I have a legacy program that attempts to read USGS 1/3 arcsec data. When I compare results to GDAL, I find that the lat/lon to pixel conversion is off by 1 line. The reason (I think) is because the legacy code calculates the latitude of line 0 as:

lat0 = yllcorner + (nrows - 1) * cellsize

where yllcorner, nrows and cellsize come from the .HDR file.

I see in the GDAL code in frmts/raw/ehdrdataset.cpp that there is no "subtract 1" term:

 dfULYMap = dfYLLCorner + nRows * dfYDim;

I'm assuming that GDAL is right. Can anyone explain why so that a noob can understand?

  • 1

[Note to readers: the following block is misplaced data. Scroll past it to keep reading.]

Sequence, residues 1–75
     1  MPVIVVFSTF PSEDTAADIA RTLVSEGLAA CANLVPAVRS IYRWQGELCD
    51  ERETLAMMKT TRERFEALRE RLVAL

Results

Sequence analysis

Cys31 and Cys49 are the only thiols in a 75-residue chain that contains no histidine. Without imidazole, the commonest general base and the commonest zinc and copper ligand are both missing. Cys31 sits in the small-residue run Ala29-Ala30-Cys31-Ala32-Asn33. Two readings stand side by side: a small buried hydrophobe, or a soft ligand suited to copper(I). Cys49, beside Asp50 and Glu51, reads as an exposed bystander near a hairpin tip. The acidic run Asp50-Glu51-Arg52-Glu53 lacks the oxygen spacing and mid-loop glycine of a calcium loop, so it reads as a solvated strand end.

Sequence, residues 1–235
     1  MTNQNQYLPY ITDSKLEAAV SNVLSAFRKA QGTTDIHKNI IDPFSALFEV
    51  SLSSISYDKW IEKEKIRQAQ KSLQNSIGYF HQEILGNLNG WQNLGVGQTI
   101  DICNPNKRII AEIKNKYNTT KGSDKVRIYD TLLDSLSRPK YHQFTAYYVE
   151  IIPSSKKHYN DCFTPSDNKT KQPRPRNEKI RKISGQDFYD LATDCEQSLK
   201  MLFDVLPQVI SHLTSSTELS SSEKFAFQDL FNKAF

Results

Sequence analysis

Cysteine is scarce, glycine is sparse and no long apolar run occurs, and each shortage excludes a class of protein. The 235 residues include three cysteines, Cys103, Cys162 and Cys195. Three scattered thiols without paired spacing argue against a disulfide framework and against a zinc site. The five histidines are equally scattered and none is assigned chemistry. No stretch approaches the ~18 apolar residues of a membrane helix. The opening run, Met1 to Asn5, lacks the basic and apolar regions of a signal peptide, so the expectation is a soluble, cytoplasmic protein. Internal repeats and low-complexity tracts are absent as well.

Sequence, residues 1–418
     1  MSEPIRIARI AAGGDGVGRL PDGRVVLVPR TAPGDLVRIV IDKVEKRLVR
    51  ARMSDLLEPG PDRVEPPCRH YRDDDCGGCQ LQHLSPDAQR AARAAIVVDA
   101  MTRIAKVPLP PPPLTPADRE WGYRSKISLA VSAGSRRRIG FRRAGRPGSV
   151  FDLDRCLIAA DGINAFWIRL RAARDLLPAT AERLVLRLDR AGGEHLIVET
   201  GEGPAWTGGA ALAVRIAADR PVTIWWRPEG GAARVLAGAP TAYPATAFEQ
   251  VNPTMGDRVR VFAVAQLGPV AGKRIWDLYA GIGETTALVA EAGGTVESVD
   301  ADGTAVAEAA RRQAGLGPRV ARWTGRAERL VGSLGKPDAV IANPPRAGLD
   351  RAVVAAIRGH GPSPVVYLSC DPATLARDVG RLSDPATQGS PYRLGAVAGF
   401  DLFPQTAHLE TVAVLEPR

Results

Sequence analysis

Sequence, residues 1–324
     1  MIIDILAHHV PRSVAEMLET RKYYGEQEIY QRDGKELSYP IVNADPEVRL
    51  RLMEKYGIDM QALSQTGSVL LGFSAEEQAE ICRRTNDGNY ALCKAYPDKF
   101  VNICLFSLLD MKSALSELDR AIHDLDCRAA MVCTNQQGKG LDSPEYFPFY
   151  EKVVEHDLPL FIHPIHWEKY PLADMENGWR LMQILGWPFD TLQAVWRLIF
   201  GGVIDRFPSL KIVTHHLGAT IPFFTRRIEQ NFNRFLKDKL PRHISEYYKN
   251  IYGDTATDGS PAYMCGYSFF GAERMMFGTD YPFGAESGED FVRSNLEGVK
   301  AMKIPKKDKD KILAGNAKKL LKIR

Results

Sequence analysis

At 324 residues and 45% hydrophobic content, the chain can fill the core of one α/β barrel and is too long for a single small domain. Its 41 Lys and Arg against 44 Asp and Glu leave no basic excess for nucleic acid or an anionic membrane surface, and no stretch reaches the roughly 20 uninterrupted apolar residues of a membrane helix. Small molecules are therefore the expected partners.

It depends on how you look at it: the GDAL code gives you the Y-value for the top edge of the top row (line 0), the legacy code gives you the value for the bottom edge of line 0 (which also happens to be the top edge of line 1). – Hermann Aug 24 '13 at 7:51
  • Hermann, that makes total sense and solves my problem! Thanks. – Reilly Aug 24 '13 at 20:49

There is actually an alternative explanation which has to do with the concepts that raster pixels could either represent points or areas. So it again depends on how you look at it. Below the example of a 3 x 3 pixel raster.

| * | * | * |
| * | * | * |
| * | * | * |

Pixel is Point: you have to go n-1 rows from the lower left point (asterisk) to the top left one

Pixel is Area: you have to go n rows from the lower left corner of the lower left area (box) to the upper left corner of the upper left area.

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